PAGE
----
Michigan’s New Renewable Energy Requirements

Michigan’s New Renewable Energy Requirements

Over the last decade, Michigan’s renewable energy requirements have aided utility investments in sustainable energy. However, this may change after next year, when the state’s goal of 15 percent renewable energy is reached.

Clean energy enthusiasts and policymakers are increasingly agreeing that Michigan must go forward. They contend that by 2050, the state must either remove carbon emissions or natural gas from its electrical portfolio.

However, it is unclear how the region will get there and what role renewable energy regulations will play. This is especially true when renewable energy prices fall, and companies make voluntary commitments to clean up their power production.

Michigan now has a 10% renewable portfolio requirement, which was expanded in 2016 as part of comprehensive energy measures to demand 15% of the state’s power to come from renewable electricity by 2021.

Several legislators have presented legislation to increase Michigan’s renewable electricity requirement to 100 percent by 2050. The strategy includes escalating targets for 2025, 2032, and 2040.

The bill, HB 5420, is co-sponsored by 29 Democrats. A similar bill submitted by Rabhi a year and a half earlier garnered one co-sponsor. Despite the growing number of Democrats who support it, the proposal faces stiff opposition in Michigan’s Republican-controlled senate.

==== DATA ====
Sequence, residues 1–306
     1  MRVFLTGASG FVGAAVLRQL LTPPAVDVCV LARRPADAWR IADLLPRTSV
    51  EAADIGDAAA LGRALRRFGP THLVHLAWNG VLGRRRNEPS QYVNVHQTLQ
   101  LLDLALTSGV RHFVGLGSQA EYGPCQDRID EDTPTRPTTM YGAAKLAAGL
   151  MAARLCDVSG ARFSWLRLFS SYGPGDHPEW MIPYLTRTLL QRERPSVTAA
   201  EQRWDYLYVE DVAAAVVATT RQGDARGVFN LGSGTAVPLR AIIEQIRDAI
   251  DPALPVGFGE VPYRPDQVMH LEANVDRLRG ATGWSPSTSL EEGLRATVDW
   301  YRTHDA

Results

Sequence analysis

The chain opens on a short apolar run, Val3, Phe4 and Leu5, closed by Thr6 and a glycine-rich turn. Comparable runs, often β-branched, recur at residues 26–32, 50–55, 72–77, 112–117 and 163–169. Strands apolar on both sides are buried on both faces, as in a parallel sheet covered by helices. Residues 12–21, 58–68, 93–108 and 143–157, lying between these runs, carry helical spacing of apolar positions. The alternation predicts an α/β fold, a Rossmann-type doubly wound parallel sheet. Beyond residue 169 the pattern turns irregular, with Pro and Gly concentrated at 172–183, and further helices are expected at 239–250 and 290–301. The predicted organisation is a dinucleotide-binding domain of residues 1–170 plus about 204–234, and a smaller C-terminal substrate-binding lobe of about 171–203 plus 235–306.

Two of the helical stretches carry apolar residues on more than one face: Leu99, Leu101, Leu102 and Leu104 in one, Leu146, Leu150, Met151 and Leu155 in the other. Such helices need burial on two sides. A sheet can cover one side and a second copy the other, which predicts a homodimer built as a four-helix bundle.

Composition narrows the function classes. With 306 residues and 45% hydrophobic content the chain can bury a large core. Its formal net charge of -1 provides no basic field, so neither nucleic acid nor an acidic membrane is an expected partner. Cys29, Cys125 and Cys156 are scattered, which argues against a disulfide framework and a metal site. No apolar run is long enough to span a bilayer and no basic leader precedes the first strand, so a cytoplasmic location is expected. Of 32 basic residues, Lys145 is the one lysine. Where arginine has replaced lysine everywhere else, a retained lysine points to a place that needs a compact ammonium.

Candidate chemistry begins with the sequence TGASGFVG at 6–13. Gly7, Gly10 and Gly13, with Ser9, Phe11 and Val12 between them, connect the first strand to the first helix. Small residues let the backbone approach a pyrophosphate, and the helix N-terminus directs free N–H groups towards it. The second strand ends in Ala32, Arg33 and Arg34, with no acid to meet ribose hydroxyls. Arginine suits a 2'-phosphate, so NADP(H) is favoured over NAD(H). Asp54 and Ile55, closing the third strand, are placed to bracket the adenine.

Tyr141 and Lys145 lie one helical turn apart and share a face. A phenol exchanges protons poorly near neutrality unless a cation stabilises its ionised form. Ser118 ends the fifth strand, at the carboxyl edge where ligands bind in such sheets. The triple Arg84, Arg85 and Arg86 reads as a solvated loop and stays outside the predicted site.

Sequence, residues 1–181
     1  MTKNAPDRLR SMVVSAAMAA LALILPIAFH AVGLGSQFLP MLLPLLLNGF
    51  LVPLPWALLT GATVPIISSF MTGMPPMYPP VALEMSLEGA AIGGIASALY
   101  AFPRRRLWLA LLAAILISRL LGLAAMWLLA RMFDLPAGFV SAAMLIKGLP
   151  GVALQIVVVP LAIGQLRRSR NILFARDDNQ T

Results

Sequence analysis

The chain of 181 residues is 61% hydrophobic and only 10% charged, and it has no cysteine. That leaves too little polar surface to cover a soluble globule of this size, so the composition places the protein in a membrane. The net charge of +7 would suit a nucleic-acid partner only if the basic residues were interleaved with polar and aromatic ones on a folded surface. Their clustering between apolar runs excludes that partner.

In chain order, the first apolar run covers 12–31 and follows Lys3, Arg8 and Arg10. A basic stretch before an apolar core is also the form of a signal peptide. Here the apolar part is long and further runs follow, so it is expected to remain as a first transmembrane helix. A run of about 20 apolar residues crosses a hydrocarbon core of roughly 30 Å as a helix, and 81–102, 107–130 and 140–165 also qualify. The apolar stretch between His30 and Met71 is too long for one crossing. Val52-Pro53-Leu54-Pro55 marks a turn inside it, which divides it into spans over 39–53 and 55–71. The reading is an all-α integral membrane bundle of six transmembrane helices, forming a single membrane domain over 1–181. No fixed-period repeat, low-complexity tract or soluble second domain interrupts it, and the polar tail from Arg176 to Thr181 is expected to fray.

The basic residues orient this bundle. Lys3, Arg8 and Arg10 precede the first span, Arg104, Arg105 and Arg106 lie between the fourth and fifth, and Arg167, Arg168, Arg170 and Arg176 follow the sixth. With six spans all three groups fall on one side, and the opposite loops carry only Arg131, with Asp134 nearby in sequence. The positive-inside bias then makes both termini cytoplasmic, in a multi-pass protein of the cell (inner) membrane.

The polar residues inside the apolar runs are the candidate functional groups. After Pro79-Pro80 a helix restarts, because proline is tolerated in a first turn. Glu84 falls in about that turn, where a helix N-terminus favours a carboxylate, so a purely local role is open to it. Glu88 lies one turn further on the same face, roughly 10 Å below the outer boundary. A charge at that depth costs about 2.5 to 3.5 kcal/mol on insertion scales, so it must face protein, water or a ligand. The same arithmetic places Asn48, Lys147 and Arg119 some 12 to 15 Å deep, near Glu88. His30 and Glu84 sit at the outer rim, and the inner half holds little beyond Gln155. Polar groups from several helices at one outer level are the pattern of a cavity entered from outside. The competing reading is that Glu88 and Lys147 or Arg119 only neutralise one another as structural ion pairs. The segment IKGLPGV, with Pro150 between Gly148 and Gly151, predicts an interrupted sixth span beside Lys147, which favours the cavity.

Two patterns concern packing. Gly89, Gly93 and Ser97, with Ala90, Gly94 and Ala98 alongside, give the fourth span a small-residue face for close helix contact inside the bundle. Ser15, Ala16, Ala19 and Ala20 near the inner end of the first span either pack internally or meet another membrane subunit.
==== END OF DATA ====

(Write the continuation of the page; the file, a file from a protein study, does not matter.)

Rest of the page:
In recent years another alternative that has emerged in Michigan is increasing the renewable threshold through a ballot measure. While no formal plans have been disclosed, without the Republican movement, a ballot measure is a possibility.

Meanwhile, Michigan’s two largest utilities have just pledged to reduce carbon emissions from the power industry drastically. These integrated resource strategies, which the Michigan Public Service Commission must approve, primarily indicate how utilities intend to invest.

For instance, Consumers Energy’s plan aims for a major increase in solar capacity as well as significant carbon emissions. This month, state regulators will hear DTE Energy’s proposal.

DTE and Consumers consented to a 25 percent renewables target by 2025 in an arrangement with the coordinators of the 2018 ballot drive. They accomplish this by incorporating the goals into developing their integrated resource.

Earlier in 2019, freshly elected governors in the Midwest expressed support for increased renewable energy measures. Minnesota’s governor, for example, has declared a goal of 100 percent clean energy by 2050.

According to sources, Michigan Governor Rick Snyder will make a similar statement this year. In addition, in 2019, the governor named two commissioners to the Michigan Public Service Commission who have credentials in sustainable energy advocacy.

Jane Levin

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